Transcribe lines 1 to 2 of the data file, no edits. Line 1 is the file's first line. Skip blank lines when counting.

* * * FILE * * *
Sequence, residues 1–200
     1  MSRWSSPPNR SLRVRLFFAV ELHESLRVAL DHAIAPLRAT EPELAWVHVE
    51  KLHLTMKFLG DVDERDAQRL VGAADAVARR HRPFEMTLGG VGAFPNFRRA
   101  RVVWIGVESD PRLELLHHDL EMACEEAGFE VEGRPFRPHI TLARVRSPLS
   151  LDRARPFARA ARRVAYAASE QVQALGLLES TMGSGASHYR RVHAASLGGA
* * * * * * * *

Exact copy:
Sequence, residues 1–200
     1  MSRWSSPPNR SLRVRLFFAV ELHESLRVAL DHAIAPLRAT EPELAWVHVE